“I don’t know what happened to me. I had been doing so well – I was on fire. Then I took a couple of losses and a need to get my money back seized me. I lost control and my trading rules flew out the window. I wanted to make things happen, but I got creamed and took some drawdowns that I should never have been sucked into. I know better than this, but in the heat of the moment, I can’t seem to help myself.”
Willpower Is Never Enough
Whether its revenge trading, over trading, over confidence, or chasing trades, many traders experience a world of hurt when discipline fails and impulsivity short circuits the rational trading mind. How many times have you declared, “I’m going to be a disciplined trader and trade my plan?” – only to be ambushed by impulsivity again and again. If you are like most traders with an impulse tendency, this has happened more times than you can count.
Why is chasing trades such a difficult behavior to break? You would think that experiencing the pain of drawdowns would be more than enough motivation to stop impulsivity in its tracks, but it’s not. And if willpower alone could stop the bleeding caused by an impulsive mindset, then the problem would have disappeared long ago. But for many traders, that is not the case.
The problem is a complex mixture of both biology and psychology. It starts with your unexamined beliefs about work and action. A trader’s notions about work will drive how they trade, for better or worse. Let’s first examine how impulsivity and work are interlinked. How many times have you started the trade day with thoughts like these, “Okay, it’s time to get to work, it’s trading time – it’s time to make something happen.” ? After all, you have got to be doing something, working, if you are trading – right? You cannot just sit there and expect things to happen. You’ve got to do something to make money.
Wrong. The very urgency to act, to make things happen, that probably afforded you success in business or corporate life becomes the destructive basis of chasing trades in the brave new world of trading. In your work life before trading, being in charge and in control was such a strong way of proving your mettle and of proving yourself a winner that it became ingrained as a habit that you did not question. When you encountered uncertainty, you forced your will and made things happen. Many a self-made man or woman owe their success to this notion of work as doing.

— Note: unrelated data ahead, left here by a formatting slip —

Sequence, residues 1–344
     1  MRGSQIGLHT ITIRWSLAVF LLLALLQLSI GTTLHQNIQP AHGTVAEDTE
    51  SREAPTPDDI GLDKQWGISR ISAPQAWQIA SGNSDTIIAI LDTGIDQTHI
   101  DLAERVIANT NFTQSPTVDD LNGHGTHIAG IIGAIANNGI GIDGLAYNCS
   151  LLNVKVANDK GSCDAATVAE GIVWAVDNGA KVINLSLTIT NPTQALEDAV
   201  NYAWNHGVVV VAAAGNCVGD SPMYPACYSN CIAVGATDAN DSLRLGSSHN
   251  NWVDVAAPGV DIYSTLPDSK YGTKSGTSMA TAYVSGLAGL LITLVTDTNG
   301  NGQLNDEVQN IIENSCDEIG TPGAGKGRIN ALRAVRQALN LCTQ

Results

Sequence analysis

This very bias to act sooner rather than later is the basis for chasing the trade. With the bias to act already in place, the trader’s mind is fooled into believing he is seeing solid set-ups where a rational mind would not see set-ups that are worthy of the risk. The bias to act (chase) produces an over-eager trading mind that sees acceptable trades where a seasoned trader would see none.
The successful trading mind has to be retooled from the "success mind" that the trader brought into trading. The mind that produced success in other endeavors ( a bias to act and get things done)is simply not the mind that produces success in trading. Success in trading is built upon the learned bias to be patient. Instead of going and getting the trade, the experienced trader waits for the trade to come to him. Patience becomes the driver of success – not "doing". And the quickest path to trading success is the development of patience as a skill. The successful trader practices patience as he trades, even if it is not natural to him. And he regulates the bias to act on impulse because he has learned that this urgency clouds his trading mind, and he no longer has the patience to think clearly. This usually is a learned process because it does not come naturally.
The Biological Motivation to Chase will Set Up the Trader to Act Impulsively
Have you ever experienced the “rush” traders get when they jump into a trade expecting to win? It feels good, powerful, and confident. Everybody wants to feel this way. But it’s dangerous. How can something that feels so good be sobad for you? In many other areas of your life, this is the signal that you are in control and in charge of your destiny. But not in trading.
That “rush” that feels so good is a chemical cocktail composed of testosterone and dopamine. The testosterone has you believing you can control (by sheer will power and momentum) the outcome of the action you are taking. (In this case, a trade). The dopamine has you feeling good and confident and powerful. It also causes you to distort risk. In hunting game and in battle, you truly need to believe you are invincible and will prevail. And that is what this chemistry of the mind is all about.
It is not a mental chemistry of managing risk. It is a chemistry of being in control of risk. In trading, it is called over-confidence or irrational exuberance. The thrill of conquering, of prevailing against all odds, has been a good adaptation for the survival of the human species, but not for achieving success in trading. Historically, if the human lost the battle, then his life was gone. It makes sense to believe in your capacity to prevail in cases like this. But the trader wants to live to trade another day.